He went on to become a leading citizen of Grimsby Ontario.

His writings started in 1845 and carried on for six years, overlapping the death of James.

One date is October 1849, and the last date is Nov 1850. So two entries could very well be related to the sudden death of his 12 year old brother James.

Book and Papers dated 1845-1850, James Theal
Orig. papers - Size - 23 cm
Found - London, ON

flashing newGreat Canadian Heritage Treasure
Book Entry, James Theal 1845-1850
Orig. document - Size - 19.5 cm w
Found - London, ON
Thomas wrote out songs, hymns and poems because people could not often afford all the books these were to be found in. Copying them down meant that family members could have instant access to them, for singing or reciting at gatherings, sing songs, and on solemn occasions, like the sudden death of his 12 year old younger brother James.
flashing newGreat Canadian Heritage Treasure
Book Entry, James Theal 1845-1850
Orig. document - Size - 19.5 cm w
Found - London, ON

Thomas Theal wrote out the hymn Thou Art Gone to the Grave in his book.

It is very likely that at James' funeral the family sang this song at the grave site during the burial, and perhaps again later, when the grave stone, above, was installed.

Thou art gone to the grave, but we will not deplore thee,
Though sorrows and darkness encompass the tomb;
The Savior has passed through its portal before thee,
And the lamp of His love is thy guide through the gloom.

Thou art gone to the grave, we no longer behold thee,
Nor tread the rough path of the world by thy side;
But the wide arms of mercy are spread to enfold thee,
And sinners may hope, since the Sinless has died.

Thou art gone to the grave, and, its mansion forsaking,
Perhaps thy tried spirit in doubt lingered long;
But the sunshine of Heaven beamed bright on thy waking,
And the song which thou heard’st was the seraphims’ song.

Thou art gone to the grave, but ’twere wrong to deplore thee,
When God was thy ransom, thy guardian, thy guide;
He gave thee, and took thee, and soon will restore thee,
Where death has no sting, since the Savior hath died

Reginald Heber above (1783-1826) wrote the words to Thou Art Gone to the Grave upon the death of his first child. William Walker right put them to music in a hymnal published in 1835. So in 1849 when James copied it the hymn would have been a "hit parade" song of the age.

flashing newGreat Canadian Heritage Treasure A typical "family only" cemetery in rural southern Ontario. In the days when roads were primitive and established cemeteries were few and far between family members were laid to rest near the house.

This way they would always be close.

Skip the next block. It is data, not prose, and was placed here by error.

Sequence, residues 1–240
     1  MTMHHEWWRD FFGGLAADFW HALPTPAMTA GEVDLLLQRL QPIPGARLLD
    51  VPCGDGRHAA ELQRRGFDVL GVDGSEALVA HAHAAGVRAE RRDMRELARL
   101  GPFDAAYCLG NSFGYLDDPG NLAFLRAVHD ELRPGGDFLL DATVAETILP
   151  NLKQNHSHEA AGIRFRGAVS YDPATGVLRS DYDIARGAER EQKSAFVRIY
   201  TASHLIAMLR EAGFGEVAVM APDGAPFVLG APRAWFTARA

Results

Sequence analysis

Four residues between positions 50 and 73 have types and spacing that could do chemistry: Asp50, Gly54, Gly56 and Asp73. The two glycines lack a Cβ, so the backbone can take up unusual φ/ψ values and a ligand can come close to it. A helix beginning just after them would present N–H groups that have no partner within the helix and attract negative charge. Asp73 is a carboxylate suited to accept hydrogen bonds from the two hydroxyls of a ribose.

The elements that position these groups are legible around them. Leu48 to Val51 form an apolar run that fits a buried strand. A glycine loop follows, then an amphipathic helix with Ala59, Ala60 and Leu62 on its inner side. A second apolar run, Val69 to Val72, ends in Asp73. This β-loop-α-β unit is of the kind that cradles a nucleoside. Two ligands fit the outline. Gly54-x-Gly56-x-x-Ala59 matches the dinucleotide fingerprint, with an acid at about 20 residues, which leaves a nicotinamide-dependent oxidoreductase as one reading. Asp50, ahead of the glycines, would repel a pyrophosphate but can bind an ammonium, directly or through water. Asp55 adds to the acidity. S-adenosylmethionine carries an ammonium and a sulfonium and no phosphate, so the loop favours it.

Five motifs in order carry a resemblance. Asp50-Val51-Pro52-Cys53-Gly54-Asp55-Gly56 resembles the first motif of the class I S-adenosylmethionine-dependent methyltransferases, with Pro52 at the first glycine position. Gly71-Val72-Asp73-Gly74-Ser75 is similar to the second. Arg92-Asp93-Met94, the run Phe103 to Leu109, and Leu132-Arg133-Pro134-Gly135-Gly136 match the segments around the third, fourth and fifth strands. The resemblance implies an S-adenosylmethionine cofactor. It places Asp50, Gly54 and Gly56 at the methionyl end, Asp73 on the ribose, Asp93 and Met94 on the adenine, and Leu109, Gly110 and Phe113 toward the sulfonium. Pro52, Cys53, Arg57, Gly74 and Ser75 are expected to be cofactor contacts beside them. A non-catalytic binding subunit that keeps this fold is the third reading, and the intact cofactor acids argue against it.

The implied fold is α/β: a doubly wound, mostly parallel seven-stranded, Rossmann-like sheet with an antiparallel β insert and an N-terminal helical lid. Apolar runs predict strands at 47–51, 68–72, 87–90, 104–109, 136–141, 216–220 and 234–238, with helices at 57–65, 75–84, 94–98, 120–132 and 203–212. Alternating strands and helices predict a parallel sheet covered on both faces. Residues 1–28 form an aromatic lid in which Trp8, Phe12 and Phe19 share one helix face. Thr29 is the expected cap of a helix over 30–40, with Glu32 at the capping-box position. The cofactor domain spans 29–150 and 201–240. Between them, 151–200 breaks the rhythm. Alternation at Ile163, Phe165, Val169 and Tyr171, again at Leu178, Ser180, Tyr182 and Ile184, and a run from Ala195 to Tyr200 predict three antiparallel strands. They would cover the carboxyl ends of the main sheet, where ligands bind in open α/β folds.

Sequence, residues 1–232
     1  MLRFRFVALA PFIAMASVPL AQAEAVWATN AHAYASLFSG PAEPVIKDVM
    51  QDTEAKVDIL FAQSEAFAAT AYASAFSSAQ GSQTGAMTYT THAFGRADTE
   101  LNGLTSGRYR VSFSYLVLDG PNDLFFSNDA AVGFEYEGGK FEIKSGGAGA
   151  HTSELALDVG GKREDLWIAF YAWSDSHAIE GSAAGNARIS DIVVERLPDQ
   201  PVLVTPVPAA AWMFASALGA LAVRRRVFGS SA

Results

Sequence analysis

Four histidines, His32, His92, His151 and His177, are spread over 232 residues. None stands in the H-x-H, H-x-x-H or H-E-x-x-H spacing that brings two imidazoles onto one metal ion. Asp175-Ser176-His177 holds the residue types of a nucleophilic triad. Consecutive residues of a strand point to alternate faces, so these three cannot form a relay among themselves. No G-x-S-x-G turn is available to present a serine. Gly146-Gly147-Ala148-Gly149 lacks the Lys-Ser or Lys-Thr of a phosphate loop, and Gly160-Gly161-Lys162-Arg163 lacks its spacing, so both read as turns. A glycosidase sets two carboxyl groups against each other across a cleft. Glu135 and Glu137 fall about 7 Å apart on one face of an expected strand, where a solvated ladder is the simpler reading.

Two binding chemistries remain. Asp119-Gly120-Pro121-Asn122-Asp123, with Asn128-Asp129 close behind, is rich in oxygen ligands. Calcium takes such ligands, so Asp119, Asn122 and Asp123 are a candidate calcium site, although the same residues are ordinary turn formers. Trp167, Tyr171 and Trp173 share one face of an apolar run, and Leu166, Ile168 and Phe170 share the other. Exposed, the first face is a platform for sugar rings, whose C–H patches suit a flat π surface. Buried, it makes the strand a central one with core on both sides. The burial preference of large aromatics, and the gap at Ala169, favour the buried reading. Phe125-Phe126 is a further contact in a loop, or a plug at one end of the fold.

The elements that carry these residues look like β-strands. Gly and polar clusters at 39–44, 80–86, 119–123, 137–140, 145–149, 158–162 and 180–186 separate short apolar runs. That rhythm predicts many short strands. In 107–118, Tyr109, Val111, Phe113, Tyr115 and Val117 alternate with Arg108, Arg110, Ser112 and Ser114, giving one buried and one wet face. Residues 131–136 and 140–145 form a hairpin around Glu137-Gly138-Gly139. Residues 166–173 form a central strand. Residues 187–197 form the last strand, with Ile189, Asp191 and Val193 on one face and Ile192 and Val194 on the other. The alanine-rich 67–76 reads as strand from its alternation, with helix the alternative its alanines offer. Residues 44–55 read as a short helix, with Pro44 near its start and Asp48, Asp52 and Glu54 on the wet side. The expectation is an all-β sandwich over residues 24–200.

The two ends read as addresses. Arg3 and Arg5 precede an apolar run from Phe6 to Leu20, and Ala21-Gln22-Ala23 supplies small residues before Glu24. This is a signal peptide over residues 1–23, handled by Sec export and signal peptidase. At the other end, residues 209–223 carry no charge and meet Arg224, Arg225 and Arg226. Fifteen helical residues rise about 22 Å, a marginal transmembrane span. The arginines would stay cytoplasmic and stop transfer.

Probably James was laid to rest like this.

Family cemeteries still dot the countryside in remote locations though many were closed as civilization advanced.

Hymns like Thou Art Gone would have been sung in the field here, either from memory or from note books like Thomas', when Caroline Brooks was laid to rest at the far left in 1892.

Brooks Family Cemetery, Talbot Trail near Wheatley ON
Orig. photo
Found - Wheatley, ON


James Theal's tombstone, which once stood like that of Caroline Brooks, on a family plot, would have been removed when the Theal family graveyard was closed.

Note that Thomas' mother was also named Caroline, a favourite of the era, it being the name of the the very popular and longtime Caroline, Princess of Wales (1795-1820), and later, very briefly, Queen of England (1820-21) as consort to King George IV.

flashing newGreat Canadian Heritage Treasure An absolutely rare item - the earliest Canadian ceramic commemorative ware piece we've ever seen - is this pitcher, of British, and Canadian, King George IV. His wife the popular Caroline died only a few months after being crowned.

George's father was Mad King George III, who caused Americans to rebel and create the United States of America. It hails from an age when royals had real political power.

George the son, died in 1830, after only a ten year reign.

This ornate pitcher and handle form is typical of 1830s and 40s.

Go to More Commemorating People
Commemoration Pitcher, King George IV - 1830

Orig. pitcher - Size - 16 cm
Found - Napanee, ON - Bailey Coll

In Canada, Canadians were just recovering from the American depredations during the War of 1812, when, in a revenge attack dating back to their War of Independence, they invaded the British colony, and burned the parliament buildings in the provincial capital at York.

Fake

The jug above is not to be confused with the whiskey seller's repro for which an optimistic ebay seller is asking for an atrocious price.

It is stamped "with compliments" of a whiskey seller on the front unlike the original from 1830, which has an empty space there. The repro base too, is stamped with the whiskey seller's logo.

This one is likely from the late 1930s..

This optimistic seller who has generously dropped the price by 16%, is still way over the top on this.

 

 

 

 

 

 

 

 

 

 

 

 

 

 

 

 

 

 

 

 

 

 

 

 

 

 

 

 

 

 

 

 

Left the 1830 bottom; right the repro.

The hardshell "book" connected by a half inch cloth binding is actually not, but as Thomas himself notes a "case" designed to hold fragile papers and protect them. It's really a portfolio.

All the pages Thomas has included are loosely held. Strings once held them together at the spine but of these only remnants remain.

Thomas was 13 when he got it. His exquisite penmanship is remarkable for a teen of any generation.

None in the 21st century could match it.

The conservative rural mind set - see Reform - was already well installed in this farmer's boy.

Thomas' pages are a collection of poems, hymns, and songs that would have been a resource to draw on when performing skits or songs in parlours during family gatherings on lonely winter evenings in the days when the nearest neighbour was miles away and travel often too difficult to visit them.

There are 31 pages bearing half a dozen dates from the winter months February to April and October to November 1845 to 1850.

No entries from May to September when farming chores would have taken up Thomas' attention full time.

 
;